Book Review: Religion Saves + Nine Other Misconceptions by Mark Driscoll


The Book

My beautiful wife gave me this book for Christmas, and ever since I’ve been slowly picking my way through it’s pages.  It’s that type of book.  You can read a chapter one night, put the book down, pick it up again a month later, and read another chapter.  The chapters stand on their own.

Religion Saves was a sermon series at Mars Hill Church before it became a book.  Driscoll gave his church members (and really anyone who visited the church website) the chance to vote on his sermon topics.  The nine most popular questions, as determined by the online voting, were developed into the Religion Saves sermon series.  The book came about after the fact.

The questions preached / written upon were:

9. Birth Control:  There’s no doubt the Bible says children are a blessing, but the Bible doesn’t seem to address the specific topic of birth control.  Is this a black-and-white topic, or does if all under liberties?

8. Humor:  Why do you make jokes in sermons about Mormon missionaries, homosexuals, trench coat wearers, single men, vegans, and emo kids, and then expect these groups to come to know God through those sermons?

7. Predestination:  Why does an all-loving, all-knowing, and all-sovereign God will into creation people he foreknows will suffer eternal condemnation – and the Romans 9:20 answer seems like a cop-out!

6. Grace:  Of all the things you teach, what parts of Christianity do you still wrestle with?  What’s hardest for you to believe?

5. Sexual Sin:  How should Christian men and women go about breaking free form the bondage of sexual sin?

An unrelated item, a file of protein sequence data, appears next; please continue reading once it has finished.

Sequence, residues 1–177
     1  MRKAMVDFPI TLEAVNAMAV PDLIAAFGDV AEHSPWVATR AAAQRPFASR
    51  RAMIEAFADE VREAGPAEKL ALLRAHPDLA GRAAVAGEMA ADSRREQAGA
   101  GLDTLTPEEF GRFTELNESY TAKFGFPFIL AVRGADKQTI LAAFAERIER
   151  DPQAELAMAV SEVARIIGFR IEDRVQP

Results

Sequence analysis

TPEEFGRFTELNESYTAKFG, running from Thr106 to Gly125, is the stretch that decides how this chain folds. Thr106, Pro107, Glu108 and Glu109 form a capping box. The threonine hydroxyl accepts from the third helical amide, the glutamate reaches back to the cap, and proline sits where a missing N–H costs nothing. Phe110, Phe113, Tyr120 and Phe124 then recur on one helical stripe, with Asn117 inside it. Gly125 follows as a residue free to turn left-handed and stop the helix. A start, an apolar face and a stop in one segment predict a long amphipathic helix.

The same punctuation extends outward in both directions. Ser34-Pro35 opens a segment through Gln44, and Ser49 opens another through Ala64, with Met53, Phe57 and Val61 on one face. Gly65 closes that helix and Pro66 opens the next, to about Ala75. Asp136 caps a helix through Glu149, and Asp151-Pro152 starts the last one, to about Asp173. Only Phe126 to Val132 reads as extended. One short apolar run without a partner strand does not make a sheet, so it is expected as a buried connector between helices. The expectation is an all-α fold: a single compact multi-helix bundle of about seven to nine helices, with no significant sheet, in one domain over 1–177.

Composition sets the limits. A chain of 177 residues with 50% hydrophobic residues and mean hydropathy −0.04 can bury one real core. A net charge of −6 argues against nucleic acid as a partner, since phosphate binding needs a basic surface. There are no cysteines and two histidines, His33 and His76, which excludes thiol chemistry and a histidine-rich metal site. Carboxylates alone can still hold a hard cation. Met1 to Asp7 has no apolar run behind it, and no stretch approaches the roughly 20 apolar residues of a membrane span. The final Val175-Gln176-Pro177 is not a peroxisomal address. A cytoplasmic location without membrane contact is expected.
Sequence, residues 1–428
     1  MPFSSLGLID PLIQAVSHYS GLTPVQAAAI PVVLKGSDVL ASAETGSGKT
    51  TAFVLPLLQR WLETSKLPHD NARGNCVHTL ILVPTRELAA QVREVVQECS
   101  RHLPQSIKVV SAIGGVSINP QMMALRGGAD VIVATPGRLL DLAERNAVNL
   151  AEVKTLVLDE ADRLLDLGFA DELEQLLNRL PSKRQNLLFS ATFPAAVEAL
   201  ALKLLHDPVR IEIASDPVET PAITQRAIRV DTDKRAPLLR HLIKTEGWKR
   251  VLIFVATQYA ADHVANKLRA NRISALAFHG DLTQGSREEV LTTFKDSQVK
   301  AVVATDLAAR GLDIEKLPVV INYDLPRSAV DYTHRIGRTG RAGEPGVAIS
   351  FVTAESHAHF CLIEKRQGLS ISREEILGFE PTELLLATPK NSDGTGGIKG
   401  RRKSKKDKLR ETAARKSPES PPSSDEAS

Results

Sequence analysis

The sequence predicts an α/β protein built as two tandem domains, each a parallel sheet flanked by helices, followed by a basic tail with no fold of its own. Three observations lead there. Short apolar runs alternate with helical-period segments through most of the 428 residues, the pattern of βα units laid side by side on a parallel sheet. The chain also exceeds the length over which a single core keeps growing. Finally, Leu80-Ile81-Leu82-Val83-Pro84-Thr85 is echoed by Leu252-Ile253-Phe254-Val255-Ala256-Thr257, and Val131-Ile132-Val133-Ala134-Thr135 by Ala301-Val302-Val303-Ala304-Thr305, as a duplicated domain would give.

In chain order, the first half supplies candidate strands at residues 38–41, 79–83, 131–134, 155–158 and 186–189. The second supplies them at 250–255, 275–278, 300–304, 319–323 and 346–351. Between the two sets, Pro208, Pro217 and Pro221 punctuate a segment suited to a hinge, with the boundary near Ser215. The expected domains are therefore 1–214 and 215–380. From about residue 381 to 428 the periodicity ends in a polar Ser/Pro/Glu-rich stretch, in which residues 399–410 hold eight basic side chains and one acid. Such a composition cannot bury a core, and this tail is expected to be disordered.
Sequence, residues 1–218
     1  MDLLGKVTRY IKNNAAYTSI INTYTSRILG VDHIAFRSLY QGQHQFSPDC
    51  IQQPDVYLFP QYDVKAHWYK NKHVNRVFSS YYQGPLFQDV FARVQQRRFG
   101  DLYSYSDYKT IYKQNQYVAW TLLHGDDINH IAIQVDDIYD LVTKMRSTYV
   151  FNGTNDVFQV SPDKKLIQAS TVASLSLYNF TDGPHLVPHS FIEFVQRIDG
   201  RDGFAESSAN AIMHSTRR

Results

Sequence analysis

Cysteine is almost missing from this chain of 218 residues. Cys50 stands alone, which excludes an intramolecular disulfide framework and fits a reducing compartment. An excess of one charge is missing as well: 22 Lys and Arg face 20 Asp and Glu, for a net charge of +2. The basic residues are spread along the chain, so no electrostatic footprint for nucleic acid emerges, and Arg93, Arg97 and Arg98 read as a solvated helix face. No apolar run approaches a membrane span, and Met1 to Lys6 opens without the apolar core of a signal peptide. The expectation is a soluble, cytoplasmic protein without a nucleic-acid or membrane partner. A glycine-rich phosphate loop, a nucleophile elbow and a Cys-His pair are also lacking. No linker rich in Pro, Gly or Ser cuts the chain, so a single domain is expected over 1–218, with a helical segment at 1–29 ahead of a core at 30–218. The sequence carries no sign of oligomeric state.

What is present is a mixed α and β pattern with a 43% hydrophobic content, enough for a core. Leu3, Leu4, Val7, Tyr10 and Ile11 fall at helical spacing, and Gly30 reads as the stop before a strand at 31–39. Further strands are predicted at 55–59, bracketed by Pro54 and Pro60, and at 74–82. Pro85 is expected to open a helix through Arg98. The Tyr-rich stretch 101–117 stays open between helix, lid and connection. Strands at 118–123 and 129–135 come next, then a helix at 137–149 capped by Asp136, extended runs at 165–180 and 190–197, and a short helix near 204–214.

4. Faith and Works:  If salvation is by faith alone, then why are so many verses that say or imply the opposite – that salvation is by works?

3. Dating:  How does a Christian date righteously, and what are the physical, emotional, and mentally connecting boundaries a Christian must set while developing an intimate relationship prior to marriage?

2. The Emerging Church:  What can traditional or established churches learn from “emerging” churches?

1. The Regulative Principle:  Do you believe that the Scripture not only regulates our theology but also our methodology?  In other words, do you believe in the regulative principle?  If so, to what degree?  If not, why not?

My Opinion

As you can see, some of this is pretty heady and some of it is pretty practical, but most all of it is interesting.  One of my favorite things about Driscoll’s writing style is how well-stated and organized his books are.  He manages again and again to state an unbelievable amount of information in a concise, understandable, well-organized, digestable-for-nearly-anyone format.  Even if you are a pastor, and think you already know your answer / opinion on all of these questions, this is a useful resource.  Because let’s face it, unless you’re D.A. Carson or John Piper, Driscoll probably answers these questions better than you would.

My favorite chapters are:  Birth Control, Predestination, Sexual Sin, Dating, and The Emerging Church.  I would argue that each of these chapters warrant the purchase of the book alone.

Really good read!

p.s. – you can watch all the sermons online rather than read here:

Tags: , , , , , , , , , , , , , , , , , , ,

No comments yet.

Leave a Reply